SDLT 3% for joint purchases of residential properties

17th March 2016

Yesterday at the Budget draft legislation was produced finalising the structure of the 3% SDLT surcharge.

As expected, the higher SDLT rates will not apply to a single purchaser where “at the end of the day of the transaction” that person owns only one residential property. This is regardless of whether that property was purchased as a residence for the buyer or as a buy to let.  The higher SDLT rates will also not apply where the sole purchaser is buying a property to replace his main residence, even if that purchaser owns other property.

One area the legislation addresses which was unclear in the initial consultation paper is what happens where, treated on their own, one of the joint purchasers would escape the charge, but the other does not? Would that acquisition be caught by the additional 3% SDLT rate and, if so, could the price be apportioned between the joint purchasers and the extra 3% surcharge only charged on the one whose circumstances did not fall outside the 3% rules?

It is now clear that to escape the additional 3% SDLT charge all purchasers must satisfy the criteria set out above for single purchasers.  There is also to be no apportionment. This will have wide spread impact on purchasers since spouses are to be treated as being joint buyers even if only one of them is buying.  For example if the husband buys a property to rent out in his sole name (having not owned a property or having an interest in another property) the wife would be treated as being a joint purchaser and if she either owns a property or has an interest in another property the additional SDLT rates will apply to the husband’s acquisition.  Similar rules apply to civil partners.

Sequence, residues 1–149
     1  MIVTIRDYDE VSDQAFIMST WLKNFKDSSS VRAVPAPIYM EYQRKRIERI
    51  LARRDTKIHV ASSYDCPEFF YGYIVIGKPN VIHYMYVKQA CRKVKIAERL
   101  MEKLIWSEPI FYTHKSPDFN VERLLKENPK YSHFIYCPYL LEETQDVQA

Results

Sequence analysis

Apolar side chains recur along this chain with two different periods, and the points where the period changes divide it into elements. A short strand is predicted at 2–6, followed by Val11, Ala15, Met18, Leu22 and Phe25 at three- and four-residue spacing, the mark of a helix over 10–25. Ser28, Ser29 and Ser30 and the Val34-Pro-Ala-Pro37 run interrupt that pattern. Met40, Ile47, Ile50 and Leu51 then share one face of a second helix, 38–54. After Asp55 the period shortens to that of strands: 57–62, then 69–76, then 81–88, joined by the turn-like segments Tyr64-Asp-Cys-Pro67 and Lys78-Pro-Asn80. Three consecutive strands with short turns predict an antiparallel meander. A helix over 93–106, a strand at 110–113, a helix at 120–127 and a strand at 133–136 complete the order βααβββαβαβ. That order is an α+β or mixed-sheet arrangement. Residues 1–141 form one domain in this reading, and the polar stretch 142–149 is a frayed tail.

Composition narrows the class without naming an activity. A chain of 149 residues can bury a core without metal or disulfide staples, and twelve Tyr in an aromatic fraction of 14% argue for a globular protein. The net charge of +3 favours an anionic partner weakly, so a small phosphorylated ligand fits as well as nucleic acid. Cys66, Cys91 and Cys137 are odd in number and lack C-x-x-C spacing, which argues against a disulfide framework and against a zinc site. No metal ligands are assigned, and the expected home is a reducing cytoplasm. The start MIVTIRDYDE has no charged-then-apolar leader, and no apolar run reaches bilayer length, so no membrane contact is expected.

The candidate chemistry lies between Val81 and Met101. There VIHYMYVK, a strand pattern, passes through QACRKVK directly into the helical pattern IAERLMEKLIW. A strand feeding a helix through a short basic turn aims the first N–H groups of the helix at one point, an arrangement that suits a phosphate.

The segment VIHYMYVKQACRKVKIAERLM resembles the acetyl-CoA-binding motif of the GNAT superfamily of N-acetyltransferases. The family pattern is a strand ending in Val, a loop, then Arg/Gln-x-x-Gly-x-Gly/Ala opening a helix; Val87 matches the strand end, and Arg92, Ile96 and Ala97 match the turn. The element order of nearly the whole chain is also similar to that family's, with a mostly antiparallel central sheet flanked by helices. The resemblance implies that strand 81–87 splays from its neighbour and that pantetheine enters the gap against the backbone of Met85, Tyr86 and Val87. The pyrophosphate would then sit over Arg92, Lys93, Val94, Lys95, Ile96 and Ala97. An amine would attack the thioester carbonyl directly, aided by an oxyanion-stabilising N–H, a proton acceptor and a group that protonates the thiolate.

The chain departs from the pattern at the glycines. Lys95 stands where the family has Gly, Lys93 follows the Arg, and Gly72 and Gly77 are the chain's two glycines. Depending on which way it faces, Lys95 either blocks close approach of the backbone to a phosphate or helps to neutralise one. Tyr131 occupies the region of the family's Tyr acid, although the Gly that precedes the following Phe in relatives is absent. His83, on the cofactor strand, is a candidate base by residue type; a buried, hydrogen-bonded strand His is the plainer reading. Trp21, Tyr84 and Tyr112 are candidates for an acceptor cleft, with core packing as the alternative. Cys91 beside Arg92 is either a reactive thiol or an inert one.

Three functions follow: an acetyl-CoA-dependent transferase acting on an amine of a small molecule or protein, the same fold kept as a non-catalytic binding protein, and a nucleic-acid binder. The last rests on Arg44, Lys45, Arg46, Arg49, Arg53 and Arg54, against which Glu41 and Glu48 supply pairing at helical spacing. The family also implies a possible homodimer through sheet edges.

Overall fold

There are also risks for parents where property is held on a bare trust or a trust in possession for minors.  The minor’s interest will be treated as being owned by the parent or parents and may cause issues when that parent buys a property.  He or she will be deemed to have an interest in the child’s property and the new property will trigger off the higher SDLT rates if the property being acquired by the parent is not one that replaces the main residence.  If the parent is married the spouse rules referred to above will also apply.  These rules do not apply to discretionary trusts in the same way.


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